Resting Pulse Rate

A Measure Of Neurological Fitness
Originally published in Pace Magazine Vol. 6 No. 4 Fall 2017

Runners naturally like to measure their progress, such as keeping track of their running times. Another measure of progress for runners is resting heart rate. The measure is also known as resting pulse rate (RPR) when obtained by palpating a peripheral artery as is commonly done with the radial artery at the wrist.

There is a lot of research showing that RPR is a powerful predictor of health outcomes, where a lower RPR is healthier than a higher RPR. For example, people with a lower RPR tend to live longer than their counterparts who have a higher RPR.

In addition, RPR is a reflection of nervous system fitness. This is important because the nervous system controls so many vital functions in the body, including RPR. Indeed, as a practitioner who seeks to improve spinal nerve health in my patients, I use RPR to measure the success of my care. In runners, as with my patients, the expectation is that RPR will improve (decrease) over time. I have found this to be the case in my own running experience and encourage my curious running colleagues to monitor their RPR as well.

Reliability of RPR as a scientific measure is good. For example, there is good agreement between RPR and resting heart rate obtained by an electrocardiogram (ECG). A current-day popular method for measuring RPR among runners is the use of smartwatch technology. There is emerging research showing that some of this technology has acceptable agreement with the gold standard methods of ECG and RPR.

Since RPR is user-friendly, I teach my patients how to self-measure their RPR, using the method of radial artery palpation. In this way, my patients can participate in determining the neurological effectiveness of the care they receive. Studies indicate that self-measured RPR by patients provides important and useful information for clinicians and researchers. Runners can also self-measure their RPR to track their progress in neurological fitness.

There are a number of factors that need to be considered when measuring RPR, regardless of who is measuring it. Consistency is key in order to obtain valid comparisons of RPR over time. For example, the position during measurement should be the same for all measurements being compared, in either the seated position or lying on the back, but not both. A comparison of RPR measured while on the back to RPR measured while seated would not be a valid comparison since seated RPR tends to be a slightly higher than when lying on the back. Other things to be considered for purposes of consistency include: a) Time of day (should be within an hour of two). b) Time since ingestion of food, caffeine, or alcohol. c) Rest period prior to measurement (should be at least five minutes).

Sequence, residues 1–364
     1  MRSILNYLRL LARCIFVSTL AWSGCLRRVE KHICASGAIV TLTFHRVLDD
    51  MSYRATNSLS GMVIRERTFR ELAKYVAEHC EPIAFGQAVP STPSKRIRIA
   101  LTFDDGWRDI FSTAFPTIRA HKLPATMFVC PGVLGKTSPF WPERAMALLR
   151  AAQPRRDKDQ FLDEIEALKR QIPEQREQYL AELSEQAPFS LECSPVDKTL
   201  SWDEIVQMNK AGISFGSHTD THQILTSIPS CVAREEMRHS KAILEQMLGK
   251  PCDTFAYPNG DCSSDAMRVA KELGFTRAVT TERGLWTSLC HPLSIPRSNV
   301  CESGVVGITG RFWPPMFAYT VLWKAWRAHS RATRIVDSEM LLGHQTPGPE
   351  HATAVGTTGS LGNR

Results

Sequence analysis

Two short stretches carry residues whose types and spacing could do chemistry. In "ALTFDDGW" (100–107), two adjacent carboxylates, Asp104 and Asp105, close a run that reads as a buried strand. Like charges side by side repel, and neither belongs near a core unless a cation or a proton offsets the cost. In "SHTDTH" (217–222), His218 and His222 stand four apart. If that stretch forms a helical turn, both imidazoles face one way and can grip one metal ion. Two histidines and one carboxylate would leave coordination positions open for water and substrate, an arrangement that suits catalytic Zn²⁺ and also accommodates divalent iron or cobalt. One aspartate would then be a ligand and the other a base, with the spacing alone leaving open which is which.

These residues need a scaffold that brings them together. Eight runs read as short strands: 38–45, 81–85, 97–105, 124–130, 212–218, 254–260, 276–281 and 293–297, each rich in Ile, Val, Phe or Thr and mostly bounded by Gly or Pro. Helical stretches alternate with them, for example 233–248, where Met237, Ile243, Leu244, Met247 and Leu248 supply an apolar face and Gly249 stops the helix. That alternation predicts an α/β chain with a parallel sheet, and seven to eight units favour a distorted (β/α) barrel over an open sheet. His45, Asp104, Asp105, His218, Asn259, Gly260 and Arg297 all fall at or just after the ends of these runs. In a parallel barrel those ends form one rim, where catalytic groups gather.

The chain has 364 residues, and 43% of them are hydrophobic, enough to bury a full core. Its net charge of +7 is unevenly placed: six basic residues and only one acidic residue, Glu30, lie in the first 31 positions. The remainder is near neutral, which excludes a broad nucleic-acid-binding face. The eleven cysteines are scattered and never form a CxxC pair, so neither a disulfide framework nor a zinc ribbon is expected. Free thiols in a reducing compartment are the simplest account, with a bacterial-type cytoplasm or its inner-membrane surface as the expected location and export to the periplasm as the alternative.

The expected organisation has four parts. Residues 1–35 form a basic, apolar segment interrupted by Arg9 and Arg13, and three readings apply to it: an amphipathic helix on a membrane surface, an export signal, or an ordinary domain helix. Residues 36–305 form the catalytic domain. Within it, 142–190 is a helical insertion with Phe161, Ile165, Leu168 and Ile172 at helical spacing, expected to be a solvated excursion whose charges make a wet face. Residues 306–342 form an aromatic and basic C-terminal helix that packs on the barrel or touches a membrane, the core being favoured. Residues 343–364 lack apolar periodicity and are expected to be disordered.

A commonly recommended method of measurement is early in the morning, before getting out of bed, before breakfast, while lying on the back, counting for a full minute to achieve a beats per minute (BPM) value. Then record the number along with date and time. Once you have collected a number of measurements, you could enter the data into a spreadsheet such as Excel and construct a chart such as the one below, in which I use mock data. You can also begin to average the RPR readings, e.g., average of the first 10 readings you have taken, on different days compared to the average of the second 10 readings.









The chart below is based on the mock data above. In this scenario, RPR is generally improving (decreasing) over time. The arrow indicates the point at which an intervention was applied in this scenario, such as a spinal adjustment and/or the beginning of a running program. The “before” and “after” are in reference to the intervention.


For these data, the average of the first 10 measurements (July 1-July 10) is 82.5 BPM while the average of the remaining 20 readings (July 11 – July 30) = 76.9 BPM, an improvement (decrease) of about 5 BPM. For those familiar with the statistical functions in Excel, a statistical test could be performed to determine the probability that the difference between the two averages happened by chance alone versus possibly attributable to the intervention(s). This probability is represented by what is known as a p-value. In this scenario, the p-value is very small (p < 0.0001) meaning the decrease probably did not happen by chance. If these were real data, this would suggest that the intervention(s) may be associated with the RPR improvement.

Dr. Hart is a chiropractor, researcher, and runner in Greenville, SC. He has been doing research on resting pulse rate since 2011, and has a dozen papers published on the topic in peer-reviewed science journals (list available upon request). Contact Dr. Hart at:
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